In chapter six Horton deals with the means by which Christ is delivered and the impact this has on the message. He makes the following observation, “If the central message of Christianity were how to have your best life now or become a better you, then rather than heralds we would need life coaches, spiritual directors, and motivational speakers. Good advice requires a person with a plan; Good News requires a person with a message” (195). Drawing on numerous examples, Horton presents a compelling case that when the message is no longer about God but rather about us, the means of grace are abandoned for other means which ultimately make the church irrelevant, and when the means of grace are abandoned as ineffective, the message will become centered on man and not on Christ (191-217).
The final chapter of Christless Christianity presents Horton’s solution. Essentially this suggested solution is a return to doctrine, with all that it entails. Horton writes, “It begins by challenging not only weak views of God, sin, and grace but the plausibility structures, paradigms, or worldviews that make biblical views increasingly incomprehensible even for most Christian laypeople and pastors” (239). To this end he encourages strong, clear and correct preaching of Law and Gospel (244, 246 & 247). He also stresses the essential nature of the means of grace (249-253). Horton’s contention is that these are the things that make Christianity a missionary faith; “Christianity is a missionary faith precisely because it is a doctrine, an announcement heralded by ambassadors” (256).
While Horton’s style didn’t jump out at me as exciting or fast-paced, he did carefully and amply make and support his points. In fact, if one was going to complain about anything it is that at times the amount of proof Horton provides is almost too much. Outside of that one complaint and a few isolated places where the author’s doctrinal errors creep through (e.g. 183 & 209), there is little a confessional Lutheran will find objectionable. Horton’s emphasis on the means of grace, the proper distinction between Law and Gospel, and his discussion of the theology of the cross will be very welcome by Lutherans. While not always flashy, the substance of the book is quite solid, well thought out, and carefully presented.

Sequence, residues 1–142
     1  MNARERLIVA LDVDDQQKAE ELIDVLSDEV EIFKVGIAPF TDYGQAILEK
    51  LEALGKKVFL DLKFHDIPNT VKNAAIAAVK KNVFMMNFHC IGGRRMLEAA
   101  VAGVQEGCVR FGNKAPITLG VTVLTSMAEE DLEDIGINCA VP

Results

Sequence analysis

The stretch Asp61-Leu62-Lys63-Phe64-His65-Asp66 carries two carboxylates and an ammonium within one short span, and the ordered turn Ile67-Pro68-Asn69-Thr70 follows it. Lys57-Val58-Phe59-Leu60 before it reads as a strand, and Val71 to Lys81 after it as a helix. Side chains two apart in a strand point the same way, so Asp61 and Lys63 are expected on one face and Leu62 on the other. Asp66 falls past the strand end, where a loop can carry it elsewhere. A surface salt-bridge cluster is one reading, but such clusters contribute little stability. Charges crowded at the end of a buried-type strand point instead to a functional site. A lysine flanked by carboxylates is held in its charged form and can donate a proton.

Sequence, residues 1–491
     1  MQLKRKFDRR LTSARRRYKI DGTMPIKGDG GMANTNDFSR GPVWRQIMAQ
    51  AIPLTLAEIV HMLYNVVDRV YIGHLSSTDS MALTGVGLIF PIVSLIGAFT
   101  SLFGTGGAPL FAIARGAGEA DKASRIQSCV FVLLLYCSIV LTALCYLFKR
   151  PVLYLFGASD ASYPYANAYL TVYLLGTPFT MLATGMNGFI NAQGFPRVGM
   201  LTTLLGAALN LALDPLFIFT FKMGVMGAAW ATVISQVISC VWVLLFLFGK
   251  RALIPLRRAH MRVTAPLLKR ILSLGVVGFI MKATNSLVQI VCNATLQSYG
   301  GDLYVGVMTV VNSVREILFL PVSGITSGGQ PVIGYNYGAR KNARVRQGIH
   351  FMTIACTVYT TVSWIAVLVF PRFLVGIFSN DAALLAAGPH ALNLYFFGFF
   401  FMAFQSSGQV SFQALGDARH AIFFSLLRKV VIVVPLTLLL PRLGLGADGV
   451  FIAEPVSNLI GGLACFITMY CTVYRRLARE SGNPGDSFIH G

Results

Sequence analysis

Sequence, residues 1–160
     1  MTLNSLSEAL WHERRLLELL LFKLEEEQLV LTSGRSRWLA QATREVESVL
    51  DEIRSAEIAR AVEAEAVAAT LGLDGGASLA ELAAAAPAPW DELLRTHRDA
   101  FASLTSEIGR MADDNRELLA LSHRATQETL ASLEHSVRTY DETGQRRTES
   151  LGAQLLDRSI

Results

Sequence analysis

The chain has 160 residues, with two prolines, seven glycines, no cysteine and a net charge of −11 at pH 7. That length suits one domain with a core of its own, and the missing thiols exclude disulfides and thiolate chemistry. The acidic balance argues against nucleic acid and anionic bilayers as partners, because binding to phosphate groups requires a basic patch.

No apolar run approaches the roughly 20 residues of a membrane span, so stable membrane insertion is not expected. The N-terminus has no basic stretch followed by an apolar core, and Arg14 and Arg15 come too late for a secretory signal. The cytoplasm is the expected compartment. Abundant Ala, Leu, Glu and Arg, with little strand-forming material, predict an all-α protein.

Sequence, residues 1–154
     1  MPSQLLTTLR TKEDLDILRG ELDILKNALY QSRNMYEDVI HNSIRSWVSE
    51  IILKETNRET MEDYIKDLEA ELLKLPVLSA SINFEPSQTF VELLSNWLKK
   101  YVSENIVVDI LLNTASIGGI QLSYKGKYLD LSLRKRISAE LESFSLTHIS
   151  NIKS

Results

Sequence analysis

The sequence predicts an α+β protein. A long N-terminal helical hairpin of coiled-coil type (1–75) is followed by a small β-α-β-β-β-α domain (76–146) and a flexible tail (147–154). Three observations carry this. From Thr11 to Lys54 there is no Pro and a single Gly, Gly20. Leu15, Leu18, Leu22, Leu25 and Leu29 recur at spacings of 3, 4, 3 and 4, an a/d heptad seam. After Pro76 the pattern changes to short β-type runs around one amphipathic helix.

Not every pastor may find the time to fit a 259-page book into a busy ministry schedule, especially with so many other fine books that may seem more oriented towards practical aspects of ministry. However, it is hard to envision a pastor whose church is so cut off from the spirit of our times that his church doesn’t have members who are to some extent or another influenced by the emptying of Christianity that Horton addresses. The reality is that our members live in a world where many of the Christians they encounter are exactly of the sort that Horton describes. Contact with people who have such views is bound to impact the way our members view their faith. In addition to offering a deeper insight into such views, Horton also offers a solution that Lutherans can wholeheartedly endorse. It is deeply refreshing to hear someone outside of the Lutheran church trumpet so strongly the importance of the proper distinction between Law and Gospel and the essential nature of the means of grace for God’s working. Perhaps, in the final analysis, it is that refreshing reminder from someone outside our circles of the importance of what we have in our Lutheran heritage that makes this book truly striking.